Tank : Andre Walker
New York’s ultimate cult designer, Andre Walker, returns to centre stage with a new line for Dover Street Market
In the fashion business for almost four decades, Andre Walker has worn many hats: teen designer, consultant, cult-magazine publisher and now fashion’s comeback kid. With each reincarnation, Walker, now 47, has shown a talent for capturing the zeitgeist. He was first drawn to the industry through his Jamaican mother, a hairdresser and cabaret artist. “My mum loved to tour Europe with my dad, and she would bring my sister and me the most outrageous shoes and clothing back from her travels,” he says. “I was five years old when I fell in love with oxblood leather. This gave me a taste for European designers and I remember urgently wanting to have my own collection.”
As a teenager in New York during the 1980s, Walker was a regular on the downtown club scene. “It was this incredible melting pot of middle-aged poseurs, spoiled teenagers, 1980s affluence and art-world fixtures,” he says. “Everyone knew everyone and looks were the currency of the time.” With the help of his club friends, he staged his first show at the age of 15 at the Oasis nightclub, styling them in creations that he had already been selling outside his mother’s salon. “I grabbed my friends from the Roxy and the Danceteria,” he recalls. “I helped them with their hair and make-up and dressed them in these slashed and frayed T-shirts that I made into dresses, and cut open Chinese slippers laced up with leather for a punk-New Romantic look.”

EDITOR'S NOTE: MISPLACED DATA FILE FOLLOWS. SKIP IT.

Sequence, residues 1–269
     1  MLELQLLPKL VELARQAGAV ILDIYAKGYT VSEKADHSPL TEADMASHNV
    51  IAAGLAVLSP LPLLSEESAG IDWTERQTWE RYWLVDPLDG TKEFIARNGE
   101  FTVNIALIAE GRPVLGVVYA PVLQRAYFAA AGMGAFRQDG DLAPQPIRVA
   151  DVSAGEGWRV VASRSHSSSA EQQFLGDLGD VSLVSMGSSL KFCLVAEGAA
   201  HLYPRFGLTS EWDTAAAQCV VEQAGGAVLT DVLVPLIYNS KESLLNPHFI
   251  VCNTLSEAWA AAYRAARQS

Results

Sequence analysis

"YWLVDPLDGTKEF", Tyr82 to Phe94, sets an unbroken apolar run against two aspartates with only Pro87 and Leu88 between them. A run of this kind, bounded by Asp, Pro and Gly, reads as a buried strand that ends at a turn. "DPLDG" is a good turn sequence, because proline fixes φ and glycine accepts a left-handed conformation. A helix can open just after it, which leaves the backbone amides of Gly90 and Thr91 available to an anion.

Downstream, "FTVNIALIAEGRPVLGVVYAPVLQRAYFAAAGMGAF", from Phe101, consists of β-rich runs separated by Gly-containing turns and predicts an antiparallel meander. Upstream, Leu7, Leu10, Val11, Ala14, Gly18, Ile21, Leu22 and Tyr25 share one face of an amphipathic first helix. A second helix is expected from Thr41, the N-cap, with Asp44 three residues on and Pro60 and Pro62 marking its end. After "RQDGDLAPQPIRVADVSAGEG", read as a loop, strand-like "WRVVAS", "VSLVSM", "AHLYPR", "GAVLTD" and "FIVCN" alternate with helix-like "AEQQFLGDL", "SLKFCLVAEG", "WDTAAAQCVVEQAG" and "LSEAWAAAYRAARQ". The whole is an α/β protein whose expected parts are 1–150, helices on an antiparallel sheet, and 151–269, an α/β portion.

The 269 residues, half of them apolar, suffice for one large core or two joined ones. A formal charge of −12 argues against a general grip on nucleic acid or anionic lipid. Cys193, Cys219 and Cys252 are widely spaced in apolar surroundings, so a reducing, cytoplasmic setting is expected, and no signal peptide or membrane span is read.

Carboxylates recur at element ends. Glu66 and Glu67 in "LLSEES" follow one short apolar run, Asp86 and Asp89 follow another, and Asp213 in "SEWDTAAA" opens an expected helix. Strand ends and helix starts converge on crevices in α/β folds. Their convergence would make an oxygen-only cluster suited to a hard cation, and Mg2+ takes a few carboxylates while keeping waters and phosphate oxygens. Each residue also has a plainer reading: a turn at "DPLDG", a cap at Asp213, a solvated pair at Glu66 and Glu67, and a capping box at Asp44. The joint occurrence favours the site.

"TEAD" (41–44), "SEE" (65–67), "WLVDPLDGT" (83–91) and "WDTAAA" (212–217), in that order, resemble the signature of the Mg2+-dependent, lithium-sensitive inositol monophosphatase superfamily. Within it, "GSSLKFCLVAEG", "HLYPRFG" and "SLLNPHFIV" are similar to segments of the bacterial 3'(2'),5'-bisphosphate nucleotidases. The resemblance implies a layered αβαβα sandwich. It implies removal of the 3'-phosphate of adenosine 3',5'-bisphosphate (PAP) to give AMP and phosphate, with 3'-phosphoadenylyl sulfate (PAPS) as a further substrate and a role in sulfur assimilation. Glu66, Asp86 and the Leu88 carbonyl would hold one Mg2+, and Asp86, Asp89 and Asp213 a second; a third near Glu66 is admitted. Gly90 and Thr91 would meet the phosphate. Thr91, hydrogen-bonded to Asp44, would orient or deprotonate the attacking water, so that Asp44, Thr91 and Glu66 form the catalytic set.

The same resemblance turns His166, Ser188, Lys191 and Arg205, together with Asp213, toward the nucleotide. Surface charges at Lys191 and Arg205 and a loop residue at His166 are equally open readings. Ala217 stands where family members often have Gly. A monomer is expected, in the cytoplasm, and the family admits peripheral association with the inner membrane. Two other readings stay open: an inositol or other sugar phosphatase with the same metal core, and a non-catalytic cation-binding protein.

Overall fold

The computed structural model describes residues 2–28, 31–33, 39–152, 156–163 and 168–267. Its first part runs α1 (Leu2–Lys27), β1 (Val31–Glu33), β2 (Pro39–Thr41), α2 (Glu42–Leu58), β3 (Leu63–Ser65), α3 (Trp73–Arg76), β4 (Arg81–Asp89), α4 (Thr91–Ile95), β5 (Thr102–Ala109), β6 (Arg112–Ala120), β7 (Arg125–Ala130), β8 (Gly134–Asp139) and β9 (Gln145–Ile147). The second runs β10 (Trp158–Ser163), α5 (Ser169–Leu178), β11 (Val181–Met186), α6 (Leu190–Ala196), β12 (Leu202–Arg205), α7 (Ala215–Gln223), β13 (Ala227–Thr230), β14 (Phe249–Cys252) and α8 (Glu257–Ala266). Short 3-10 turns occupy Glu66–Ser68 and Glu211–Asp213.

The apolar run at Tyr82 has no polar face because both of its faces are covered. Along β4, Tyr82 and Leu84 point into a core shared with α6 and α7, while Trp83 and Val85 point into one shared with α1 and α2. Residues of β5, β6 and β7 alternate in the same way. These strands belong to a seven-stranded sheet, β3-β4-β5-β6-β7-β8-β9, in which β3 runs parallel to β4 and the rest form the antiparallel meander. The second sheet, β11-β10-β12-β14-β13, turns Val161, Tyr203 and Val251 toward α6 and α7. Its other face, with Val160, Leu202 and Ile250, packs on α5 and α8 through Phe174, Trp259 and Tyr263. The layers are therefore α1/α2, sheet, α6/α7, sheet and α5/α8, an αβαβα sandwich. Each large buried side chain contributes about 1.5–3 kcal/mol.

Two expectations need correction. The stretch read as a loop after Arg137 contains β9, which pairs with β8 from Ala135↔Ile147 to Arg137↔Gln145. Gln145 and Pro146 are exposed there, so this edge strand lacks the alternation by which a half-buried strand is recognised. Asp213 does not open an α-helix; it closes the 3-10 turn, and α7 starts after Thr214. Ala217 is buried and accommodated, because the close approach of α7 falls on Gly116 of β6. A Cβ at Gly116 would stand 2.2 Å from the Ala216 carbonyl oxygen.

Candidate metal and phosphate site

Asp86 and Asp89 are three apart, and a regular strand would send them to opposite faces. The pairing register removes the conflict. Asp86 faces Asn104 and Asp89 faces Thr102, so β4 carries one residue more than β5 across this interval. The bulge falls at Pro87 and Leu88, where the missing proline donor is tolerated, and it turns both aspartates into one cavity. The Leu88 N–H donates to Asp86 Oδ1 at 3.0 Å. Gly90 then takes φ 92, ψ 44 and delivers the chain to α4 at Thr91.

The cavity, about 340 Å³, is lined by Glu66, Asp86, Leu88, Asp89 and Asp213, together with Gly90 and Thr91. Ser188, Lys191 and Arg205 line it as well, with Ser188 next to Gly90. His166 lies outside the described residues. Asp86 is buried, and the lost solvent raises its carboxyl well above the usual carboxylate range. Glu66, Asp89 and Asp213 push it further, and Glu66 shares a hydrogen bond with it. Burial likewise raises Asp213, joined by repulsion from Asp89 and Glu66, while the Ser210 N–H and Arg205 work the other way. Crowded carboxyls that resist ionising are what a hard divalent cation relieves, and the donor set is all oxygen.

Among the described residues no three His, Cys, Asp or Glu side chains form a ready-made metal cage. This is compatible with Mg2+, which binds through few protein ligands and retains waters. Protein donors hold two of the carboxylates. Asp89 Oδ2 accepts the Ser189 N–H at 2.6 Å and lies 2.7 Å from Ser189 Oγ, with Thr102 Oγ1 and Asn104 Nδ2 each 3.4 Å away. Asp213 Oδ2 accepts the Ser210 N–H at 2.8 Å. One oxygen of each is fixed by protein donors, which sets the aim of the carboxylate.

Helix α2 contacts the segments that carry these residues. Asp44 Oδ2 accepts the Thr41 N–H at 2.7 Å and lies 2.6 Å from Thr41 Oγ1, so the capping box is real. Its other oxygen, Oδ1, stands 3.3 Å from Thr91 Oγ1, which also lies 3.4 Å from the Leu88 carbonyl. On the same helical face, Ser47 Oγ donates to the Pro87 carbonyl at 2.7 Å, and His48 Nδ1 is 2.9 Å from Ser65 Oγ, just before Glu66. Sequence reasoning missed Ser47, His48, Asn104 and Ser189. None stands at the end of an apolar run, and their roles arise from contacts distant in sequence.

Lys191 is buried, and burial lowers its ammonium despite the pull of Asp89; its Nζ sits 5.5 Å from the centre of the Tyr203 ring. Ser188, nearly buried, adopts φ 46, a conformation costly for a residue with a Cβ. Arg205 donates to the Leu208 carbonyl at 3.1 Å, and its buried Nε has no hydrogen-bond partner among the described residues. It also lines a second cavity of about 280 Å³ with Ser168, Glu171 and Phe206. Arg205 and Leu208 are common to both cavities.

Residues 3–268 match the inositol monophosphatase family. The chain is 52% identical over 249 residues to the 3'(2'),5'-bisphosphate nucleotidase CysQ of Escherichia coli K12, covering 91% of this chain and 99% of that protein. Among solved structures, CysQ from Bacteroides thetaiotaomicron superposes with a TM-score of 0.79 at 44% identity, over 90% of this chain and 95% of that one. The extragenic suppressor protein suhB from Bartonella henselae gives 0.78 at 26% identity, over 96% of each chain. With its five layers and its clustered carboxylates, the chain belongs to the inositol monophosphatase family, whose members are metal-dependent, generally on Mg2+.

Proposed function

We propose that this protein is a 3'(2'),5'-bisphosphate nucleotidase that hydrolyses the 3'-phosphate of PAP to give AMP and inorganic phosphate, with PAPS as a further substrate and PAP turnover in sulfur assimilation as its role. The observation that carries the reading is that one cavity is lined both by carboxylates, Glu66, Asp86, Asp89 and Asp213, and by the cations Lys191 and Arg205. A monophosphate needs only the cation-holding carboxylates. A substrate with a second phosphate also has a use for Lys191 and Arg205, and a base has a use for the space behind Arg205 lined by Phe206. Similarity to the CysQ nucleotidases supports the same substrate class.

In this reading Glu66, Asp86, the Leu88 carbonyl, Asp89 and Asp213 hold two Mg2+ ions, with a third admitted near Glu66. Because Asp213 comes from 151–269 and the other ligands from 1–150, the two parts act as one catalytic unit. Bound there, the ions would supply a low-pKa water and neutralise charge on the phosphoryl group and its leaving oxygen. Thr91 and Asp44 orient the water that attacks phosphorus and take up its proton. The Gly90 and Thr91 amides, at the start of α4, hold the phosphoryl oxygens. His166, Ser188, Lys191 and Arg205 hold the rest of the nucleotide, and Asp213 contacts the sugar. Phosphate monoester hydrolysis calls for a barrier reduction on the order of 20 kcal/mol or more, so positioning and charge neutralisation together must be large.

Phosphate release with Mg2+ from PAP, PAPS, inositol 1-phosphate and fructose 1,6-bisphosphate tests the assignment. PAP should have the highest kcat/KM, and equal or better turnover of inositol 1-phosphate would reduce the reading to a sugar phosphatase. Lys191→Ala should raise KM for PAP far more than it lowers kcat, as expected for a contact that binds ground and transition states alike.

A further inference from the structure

His DIY-inspired designs were praised by Bill Cunningham, Kim Hastreiter and Patricia Field, who jointly anointed him fashion’s latest wunderkind. “I was about 15,” he remembers, “and buzzing with these seasoned adults who entertained my presence and supported my naive and wildly enthusiastic embrace of club-culture aesthetics.”
Walker had his own label and became known for his irregularly shaped, avant-garde apparel, bordering on science fictive. But the label’s success didn’t last, and he moved to Paris to consult for Marc Jacobs and Kim Jones, and later publishedTiwimuta, a high-concept fashion magazine. But last year Walker returned with his own label, for an exclusive capsule collection for the Comme des Garçons-owned Dover Street Market.
“Kim Jones introduced me to Adrian Joffe [husband of Rei Kawakubo] and he introduced me to Rei,” he says. “They invited me to work on a collection for the opening of Dover Street Market New York.” Now available from additional stockists, Walker’s artistic vision for autumn/winter 2015 includes optical mohair jumpers with matching hats and strapless dresses with hoods growing out of the back. The collection is steeped in vintage references but still captures Walker’s sense of the contemporary. Back in the spotlight, once again, he knows, “I can take none of this for granted.”